What is the nature of dramatic verse in highlighting the characters and the plot in Macbeth?
Shakespeare is well-known for using blank verse -in iambic pentameter, being lines that follow a "de dum,de dum rhythm- but also prose and even rhyme in establishing his characters. Macbeth explores various options in establishing a rhythm and Shakespeare is a master at creating drama, passion and revealing his characters' personalities through the use of poetry:
paying attention to characters who suddenly break into rhymed verse, or who slip into prose after speaking in blank verse, will heighten your awareness of a character’s mood and personal development.
Shakespeare chose his rhyme schemes purposefully and it is no oversight that the witches speak in rhyme, for example:
Fair is foul, an foul is fair:
Hover through the fog and air.
There can be no mistaking that Shakespeare, who introduces the witches first in Macbeth, chose to intensify their characterization by using rhyming couplets when they appear. This increases the pace and adds to the importance of the witches in establishing the plot. Rhymes are easy to remember and the witches will stay in our thoughts throughout, due to this. Famous quotes become relevant in many instances.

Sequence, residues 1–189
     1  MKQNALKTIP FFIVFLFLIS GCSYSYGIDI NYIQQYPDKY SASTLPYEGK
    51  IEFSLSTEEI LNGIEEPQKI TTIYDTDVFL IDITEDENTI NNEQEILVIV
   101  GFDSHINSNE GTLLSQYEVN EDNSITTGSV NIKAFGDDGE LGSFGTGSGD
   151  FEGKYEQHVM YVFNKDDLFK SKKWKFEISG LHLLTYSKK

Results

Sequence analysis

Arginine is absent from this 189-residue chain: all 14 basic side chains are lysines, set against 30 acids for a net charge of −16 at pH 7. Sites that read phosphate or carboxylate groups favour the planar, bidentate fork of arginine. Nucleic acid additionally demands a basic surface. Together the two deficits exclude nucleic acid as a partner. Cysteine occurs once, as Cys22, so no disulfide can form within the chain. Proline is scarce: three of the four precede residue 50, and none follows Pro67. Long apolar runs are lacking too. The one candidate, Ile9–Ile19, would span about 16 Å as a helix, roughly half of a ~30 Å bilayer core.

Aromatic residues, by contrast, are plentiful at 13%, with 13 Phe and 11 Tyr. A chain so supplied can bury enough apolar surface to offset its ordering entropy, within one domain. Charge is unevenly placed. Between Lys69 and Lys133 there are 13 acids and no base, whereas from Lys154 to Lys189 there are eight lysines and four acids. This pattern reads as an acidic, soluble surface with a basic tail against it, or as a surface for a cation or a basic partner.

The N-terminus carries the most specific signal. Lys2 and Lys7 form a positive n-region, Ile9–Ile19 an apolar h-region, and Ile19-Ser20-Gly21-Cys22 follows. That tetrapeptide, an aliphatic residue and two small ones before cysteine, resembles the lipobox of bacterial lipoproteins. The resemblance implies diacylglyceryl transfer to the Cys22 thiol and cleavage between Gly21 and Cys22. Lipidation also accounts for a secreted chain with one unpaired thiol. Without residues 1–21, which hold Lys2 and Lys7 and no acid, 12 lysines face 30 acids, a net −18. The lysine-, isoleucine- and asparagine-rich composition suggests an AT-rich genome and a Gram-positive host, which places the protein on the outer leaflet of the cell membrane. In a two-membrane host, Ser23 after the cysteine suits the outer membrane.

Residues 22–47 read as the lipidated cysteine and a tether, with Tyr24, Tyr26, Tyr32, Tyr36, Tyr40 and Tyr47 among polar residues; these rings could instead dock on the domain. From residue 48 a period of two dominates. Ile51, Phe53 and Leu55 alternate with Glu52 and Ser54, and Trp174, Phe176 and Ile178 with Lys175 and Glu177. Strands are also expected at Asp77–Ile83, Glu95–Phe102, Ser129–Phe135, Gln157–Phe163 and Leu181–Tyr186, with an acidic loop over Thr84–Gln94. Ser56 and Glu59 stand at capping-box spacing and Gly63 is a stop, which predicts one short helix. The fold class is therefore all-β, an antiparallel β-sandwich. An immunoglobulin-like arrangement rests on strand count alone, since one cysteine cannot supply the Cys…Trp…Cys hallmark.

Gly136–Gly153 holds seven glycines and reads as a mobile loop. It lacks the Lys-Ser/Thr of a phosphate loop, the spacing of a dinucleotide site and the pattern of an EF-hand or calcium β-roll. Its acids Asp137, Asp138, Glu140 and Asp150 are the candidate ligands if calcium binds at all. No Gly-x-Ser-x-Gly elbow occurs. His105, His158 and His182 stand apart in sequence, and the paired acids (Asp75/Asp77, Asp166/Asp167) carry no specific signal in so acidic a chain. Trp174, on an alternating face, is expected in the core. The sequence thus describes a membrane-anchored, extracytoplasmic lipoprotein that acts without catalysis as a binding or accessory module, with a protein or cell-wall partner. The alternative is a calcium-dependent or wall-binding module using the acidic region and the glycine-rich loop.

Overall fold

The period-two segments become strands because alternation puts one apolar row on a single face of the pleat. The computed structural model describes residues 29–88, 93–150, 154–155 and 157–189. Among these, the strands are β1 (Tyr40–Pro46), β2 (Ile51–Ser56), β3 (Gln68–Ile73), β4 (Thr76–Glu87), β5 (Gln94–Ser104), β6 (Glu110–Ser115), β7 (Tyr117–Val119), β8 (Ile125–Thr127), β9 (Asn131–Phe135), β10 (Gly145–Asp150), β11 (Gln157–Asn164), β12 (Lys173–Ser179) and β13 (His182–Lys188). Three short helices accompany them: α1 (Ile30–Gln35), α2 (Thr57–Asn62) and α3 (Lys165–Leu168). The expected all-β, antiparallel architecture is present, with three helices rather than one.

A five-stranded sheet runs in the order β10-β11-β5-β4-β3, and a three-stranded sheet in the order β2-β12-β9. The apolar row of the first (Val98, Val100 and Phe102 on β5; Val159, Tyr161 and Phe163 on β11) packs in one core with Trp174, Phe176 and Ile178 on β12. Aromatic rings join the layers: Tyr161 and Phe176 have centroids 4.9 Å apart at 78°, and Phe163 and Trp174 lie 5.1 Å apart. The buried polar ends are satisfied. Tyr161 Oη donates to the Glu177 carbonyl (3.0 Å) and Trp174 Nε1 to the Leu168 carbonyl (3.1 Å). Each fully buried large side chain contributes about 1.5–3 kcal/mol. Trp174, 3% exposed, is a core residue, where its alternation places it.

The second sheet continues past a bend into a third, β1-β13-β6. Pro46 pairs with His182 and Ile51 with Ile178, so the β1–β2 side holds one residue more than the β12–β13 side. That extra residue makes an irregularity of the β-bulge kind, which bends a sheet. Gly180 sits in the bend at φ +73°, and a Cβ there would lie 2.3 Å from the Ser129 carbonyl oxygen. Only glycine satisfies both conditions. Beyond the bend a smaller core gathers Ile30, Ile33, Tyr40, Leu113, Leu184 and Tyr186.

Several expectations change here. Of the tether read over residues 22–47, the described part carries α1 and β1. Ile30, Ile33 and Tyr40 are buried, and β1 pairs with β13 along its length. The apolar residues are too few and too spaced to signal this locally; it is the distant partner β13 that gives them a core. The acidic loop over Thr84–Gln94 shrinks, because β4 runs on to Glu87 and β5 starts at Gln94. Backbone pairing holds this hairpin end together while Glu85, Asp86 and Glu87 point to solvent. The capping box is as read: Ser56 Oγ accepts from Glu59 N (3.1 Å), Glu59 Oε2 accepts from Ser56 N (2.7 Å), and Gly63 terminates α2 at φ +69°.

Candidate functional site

How many children ( and parents) realize that they are quoting Macbeth when they use famous words, such as "Double, double toil and trouble; / Fire burn, and cauldron bubble," a favorite of parents when creating atmosphere in bedtime stories?
Atmosphere is paramount in drama and without it, some scenes would lose significance. Blank verse is Shakespeare's work of choice but he carefully moulds his audience in the development of characters.
Shakespeare ... puts prose rather than verse into the mouths of the insane, and Lady Macbeth ... as a symptom of her mental disorder.
There can be no mistaking Lady Macbeth's descent into madness and her words hold more significance as we realize that she is losing control. Her use of prose gives the impression, almost, of speaking without purpose, babbling more to herself than to those around her:
Out, damned spot!out, I say!One, two; why then 'tis time..
Shakespeare uses his skill to develop individualism in his characters and we become familiar with the 'style' of a particular character. Rearrangement of words to ensure that it meets with the intention is not unusual.
In Act IV, scene i, Macbeth visits the witches and Shakespeare uses various means to establish their relevance in Macbeth's downfall. Macbeth is so influenced by the witches that he too uses rhyme in amongst his usual verse; "..never be, ? Who can impress the forest, bid the tree"...And even lectures the witches, warning them that they will be cursed. Macbeth's increasing belief in his purpose is reinforced here.
To create a complete picture, Shakespeare adeptly moulds his characters and whether they are viewed from the pages of the play, or acted - which obviously adds its own dimension, - their individuality and personality is assured.